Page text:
It's been a decade since my first and only time here, and only the fact that the Swaynes howe chambers on Rossilli down were lost in drizzle and low cloud brings me back now. But that's not to say that the place isn't worthy of a second visit, it very much is, just that I was on the Gower trying to get to places I'd neglected on my other trip here.
So with a spare half hour the road sign of Park Le Breos couldn't be ignored.
It was a beautiful day yesterday but today it just rained all the time, which is weird because that was the weather I got ten years ago too, some things never change. The chambered cairn hasn't changed either, it's still crumpled at one corner, still full of water and still it's all to myself. I wondered whether my waiting daughter would mind if I went off looking for the cave, I decided she would mind so I made do with a short walk round it in the woods, peeking through the trees making my own silly Silbury game, coooeee.
On a beautiful day it was a pleasure to visit this secluded wooded valley. There were few people about and it was nice to re-visit this easy to access CADW site.
The grass was wet but the sun was warm. A mother and young child were also paying a visit. The little boy eagerly explored the passageway and side chambers of the tomb.
A future TMAer perhaps?
The site was how I remember it from my previous visit although a new Forestry Commission Wales information board had been erected. This gives a brief explanation of the site along with an artist’s impression of how the tomb had been constructed.
I noticed that the old metal info board calls the site Park-Le-Bruce.
No doubt an anglicised spelling?
This is an easy site to access and well worth a visit when on the Gower.
Visited Friday 19th October 2012 - first port of call of weekend on the lovely Gower Peninsular. About half a mile up the hill from the Park Mill Heritage Centre, this chambered stone long barrow is hard to miss. This was my first encounter with a 'cairn' type long barrow. Now open to the elements in the same way that Nympsfield in the Cotswolds is - the chambers are impressive.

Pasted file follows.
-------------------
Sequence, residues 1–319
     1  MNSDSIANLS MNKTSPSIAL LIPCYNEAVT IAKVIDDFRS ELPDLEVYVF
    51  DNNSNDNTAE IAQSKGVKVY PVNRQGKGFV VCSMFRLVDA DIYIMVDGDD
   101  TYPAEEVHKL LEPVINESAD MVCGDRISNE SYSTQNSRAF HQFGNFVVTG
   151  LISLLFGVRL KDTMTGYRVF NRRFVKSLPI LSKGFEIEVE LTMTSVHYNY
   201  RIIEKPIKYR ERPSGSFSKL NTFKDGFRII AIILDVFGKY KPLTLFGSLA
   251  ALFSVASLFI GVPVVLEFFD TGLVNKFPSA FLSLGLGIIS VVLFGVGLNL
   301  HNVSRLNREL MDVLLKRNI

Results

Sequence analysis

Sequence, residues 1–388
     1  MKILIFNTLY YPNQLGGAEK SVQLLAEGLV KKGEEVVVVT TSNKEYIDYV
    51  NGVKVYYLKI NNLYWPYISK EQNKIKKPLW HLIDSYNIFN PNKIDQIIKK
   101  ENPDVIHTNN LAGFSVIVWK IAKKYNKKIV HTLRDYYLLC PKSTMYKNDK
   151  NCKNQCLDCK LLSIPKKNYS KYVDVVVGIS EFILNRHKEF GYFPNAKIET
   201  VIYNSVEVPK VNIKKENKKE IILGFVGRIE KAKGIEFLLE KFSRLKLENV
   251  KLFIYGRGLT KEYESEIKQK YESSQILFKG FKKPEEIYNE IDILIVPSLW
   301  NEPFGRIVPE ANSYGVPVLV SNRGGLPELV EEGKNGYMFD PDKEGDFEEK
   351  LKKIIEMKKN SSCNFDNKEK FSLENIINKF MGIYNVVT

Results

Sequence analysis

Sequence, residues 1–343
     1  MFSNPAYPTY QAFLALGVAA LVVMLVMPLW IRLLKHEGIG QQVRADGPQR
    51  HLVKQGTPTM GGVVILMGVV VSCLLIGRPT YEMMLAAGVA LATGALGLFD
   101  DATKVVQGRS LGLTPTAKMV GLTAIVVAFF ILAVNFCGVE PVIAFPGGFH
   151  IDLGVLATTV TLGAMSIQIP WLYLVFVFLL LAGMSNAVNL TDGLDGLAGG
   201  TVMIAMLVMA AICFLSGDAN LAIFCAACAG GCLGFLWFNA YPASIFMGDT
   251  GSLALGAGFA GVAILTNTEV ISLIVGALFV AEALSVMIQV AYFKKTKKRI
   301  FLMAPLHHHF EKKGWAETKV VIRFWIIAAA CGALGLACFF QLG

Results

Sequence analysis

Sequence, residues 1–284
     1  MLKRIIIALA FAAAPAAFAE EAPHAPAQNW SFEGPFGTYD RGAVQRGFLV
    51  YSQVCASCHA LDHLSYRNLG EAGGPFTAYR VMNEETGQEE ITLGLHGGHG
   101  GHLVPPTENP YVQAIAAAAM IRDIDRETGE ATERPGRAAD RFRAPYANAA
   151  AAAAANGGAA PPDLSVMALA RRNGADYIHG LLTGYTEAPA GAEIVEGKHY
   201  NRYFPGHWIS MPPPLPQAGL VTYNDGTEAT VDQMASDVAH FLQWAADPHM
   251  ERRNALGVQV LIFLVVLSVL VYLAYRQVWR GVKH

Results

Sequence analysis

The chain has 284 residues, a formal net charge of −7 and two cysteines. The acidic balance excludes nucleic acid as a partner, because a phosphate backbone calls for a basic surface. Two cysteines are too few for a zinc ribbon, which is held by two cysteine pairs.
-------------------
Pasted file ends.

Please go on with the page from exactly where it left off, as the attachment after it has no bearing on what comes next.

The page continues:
The Cat Hole cave is a short walk away up into a wooded area.
I visited this site last summer when spending a day 'old stoning' on the Gower. Signposted off the surrounding main roads with a large free parking area in the parkland. The site is visible from the carpark and only requires an easy, flat walk along a path down the valley. This is a lovely place to visit, amongst the trees, particularly on a warm, sunny day. Well worth it.
This is a well tended and large restored Severn-Cotswold type cairn. We got there early and the light was streaming through the frosty trees. The cairn has a central passage with two pairs of transepted chambers. The cairn is now roofless so the internal structures are all exposed. It was fabulous just lying there surrounded by woodland in a bright yellow crisp winter valley. We loved it.
You can park very close by and the approach to it is flat so it'd be great for those using wheelchairs or buggies to visit.
This post appears as part of the weblog entry Gower power
Visited 26th November 2003: This was a fleeting visit, having persuaded a colleague to tag along after a work visit to Swansea. We drove right up the drive and parked in a little car park near the cairn. It was overcast, the light was fading and it soon began spitting with rain. Having only seen photos of the site I was surprised how small it was, not so much in length but in the height of masonry.
Almost as soon as we got to the cairn my camera stopped working. From the few shots I got, only one came out without camera shake. Must go back again under better circumstances.
The path/road leads away from the Watermill/Heritage Centre car park and ford. It says it's Private for access to B&B but some locals said just to say you're going to the camp site at the end which is a Forestry Commission/Scout site. The cairn is in a field to the right of the top car park surrounded by trees. It's kind of a naked Belas Knapp. Took some low level photos but thought better of emulating Julians aerial shot from the tree. Reasonable food and ale from the Gower Inn just up the road on the way back to Swansea
Parc le Breos Cwm Transepted Long Cairn, Gower, West Glamorgan: Date, Contents, and Context
By Alasdair Whittle and Michael Wysocki
First investigated in 1869, the transepted long cairn of Parc le Breos Cwm was re-excavated in 1960–61 but without a report being published. This account presents a number of radiocarbon dates and a detailed re-examination of the human bone assemblages, and attempts to put the monument in local and regional context. Radiocarbon dates place the long cairn in the later part of the earlier Neolithic, and support a fairly long span of time over which its mortuary deposits were accumulated; they also show secondary re-use of the passage, and perhaps also the deliberate incorporation of very old animal bone from nearby caves. The analysis of the human bone assemblages indicates prior exposure of the remains found in the chambers, in contrast to those in the passage. Variation in musculoskeletal stress markers may indicate a mobile lifestyle for at least some of the male mortuary population. Other lifestyle indicators are noted, and isotopic evidence is presented for a terrestrial and mainly meat-oriented diet in the sampled group. The isolated context and hidden setting of the Parc le Breos Cwm long cairn and the apparently low density of south Welsh monuments are stressed.